# Program Qualifications / Competencies Level of Contribution
1 2 3 4 5
1 Adequate knowledge in mathematics, science and computing fields; ability to apply theoretical and practical knowledge of these fields in solving engineering problems related to information systems. X
2 Ability to identify, define, formulate and solve complex engineering problems; selecting and applying proper analysis and modeling techniques for this purpose.
3 Ability to design a complex system, process, device or product under realistic constraints and conditions to meet specific requirements; ability to apply modern design methods for this purpose.
4 Ability to develop, select and use modern techniques and tools necessary for the analysis and solution of complex problems encountered in information systems engineering applications; ability to use information technologies effectively. X
5 Ability to gather data, analyze and interpret results for the investigation of complex engineering problems or research topics specific to the information systems discipline.
6 Ability to work effectively in inter/inner disciplinary teams; ability to work individually.
7 a. Effective oral and written communication skills in Turkish; ability to write effective reports and comprehend written reports, to prepare design and production reports, to make effective presentations, to give and receive clear and understandable instructions. b. Knowledge of at least one foreign language; ability to write effective reports and comprehend written reports, to prepare design and production reports, to make effective presentations, to give and receive clear and understandable instructions. X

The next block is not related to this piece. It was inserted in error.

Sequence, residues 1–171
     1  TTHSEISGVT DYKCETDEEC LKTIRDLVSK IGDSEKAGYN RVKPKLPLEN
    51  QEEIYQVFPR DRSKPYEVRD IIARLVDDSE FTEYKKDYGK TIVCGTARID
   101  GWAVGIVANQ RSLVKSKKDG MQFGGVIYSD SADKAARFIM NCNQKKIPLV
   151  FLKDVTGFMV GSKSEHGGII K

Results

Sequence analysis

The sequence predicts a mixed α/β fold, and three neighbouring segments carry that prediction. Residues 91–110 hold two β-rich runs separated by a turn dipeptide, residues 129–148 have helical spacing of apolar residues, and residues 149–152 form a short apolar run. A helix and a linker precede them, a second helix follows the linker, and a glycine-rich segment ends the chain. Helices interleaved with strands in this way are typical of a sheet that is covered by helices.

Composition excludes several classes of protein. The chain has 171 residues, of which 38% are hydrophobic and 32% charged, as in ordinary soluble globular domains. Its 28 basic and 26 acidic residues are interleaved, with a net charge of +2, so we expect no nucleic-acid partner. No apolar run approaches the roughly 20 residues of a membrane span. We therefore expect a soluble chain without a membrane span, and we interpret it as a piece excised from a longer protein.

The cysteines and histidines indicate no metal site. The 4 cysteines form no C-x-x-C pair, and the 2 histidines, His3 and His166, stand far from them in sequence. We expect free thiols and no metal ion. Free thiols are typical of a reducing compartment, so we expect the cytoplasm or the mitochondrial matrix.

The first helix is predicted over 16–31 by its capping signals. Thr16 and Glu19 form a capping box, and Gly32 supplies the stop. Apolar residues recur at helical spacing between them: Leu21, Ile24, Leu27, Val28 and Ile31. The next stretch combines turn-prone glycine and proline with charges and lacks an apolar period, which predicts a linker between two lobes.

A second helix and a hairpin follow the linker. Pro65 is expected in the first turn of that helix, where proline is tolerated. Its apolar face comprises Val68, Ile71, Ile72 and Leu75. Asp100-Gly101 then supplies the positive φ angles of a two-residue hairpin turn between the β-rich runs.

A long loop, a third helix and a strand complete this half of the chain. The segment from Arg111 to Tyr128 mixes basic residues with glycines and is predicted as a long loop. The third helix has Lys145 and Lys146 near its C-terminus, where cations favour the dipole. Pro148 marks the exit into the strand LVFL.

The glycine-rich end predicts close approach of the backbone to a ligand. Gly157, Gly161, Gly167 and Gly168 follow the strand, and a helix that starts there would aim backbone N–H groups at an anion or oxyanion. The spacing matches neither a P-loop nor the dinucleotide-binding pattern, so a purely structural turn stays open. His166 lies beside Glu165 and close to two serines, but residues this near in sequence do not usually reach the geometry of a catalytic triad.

8 Recognition of the need for lifelong learning; the ability to access information and follow recent developments in science and technology with continuous self-development.
9 a. Ability to behave according to ethical principles, awareness of professional and ethical responsibility. b. Knowledge of the standards utilized in information systems engineering applications.
10 a. Knowledge on business practices such as project management, risk management and change management. b. Awareness about entrepreneurship, and innovation. c. Knowledge on sustainable development.
11 a. Knowledge of the effects of information systems engineering applications on the universal and social dimensions of health, environment, and safety. b. Awareness of the legal consequences of engineering solutions.
12 An ability to design, develop, operate and manage cost-effective information systems by assembling the most appropriate software and hardware, arranging appropriate personnel, and defining necessary procedures, in order to enable public and private sector organizations to do their jobs more effectively and be more competitive. X
13 Skills in finding solutions to business problems using information technologies.

ECTS/Workload Table

Activities Number Duration (Hours) Total Workload
Course Hours (Including Exam Week: 16 x Total Hours) 16 5 80
Laboratory 1 4 4
Special Course Internship
Field Work
Study Hours Out of Class 16 1 16
Presentation/Seminar Prepration
Homework Assignments 2 3 6
Quizzes/Studio Critics
Prepration of Midterm Exams/Midterm Jury 2 6 12
Prepration of Final Exams/Final Jury 1 8 8
Total Workload 126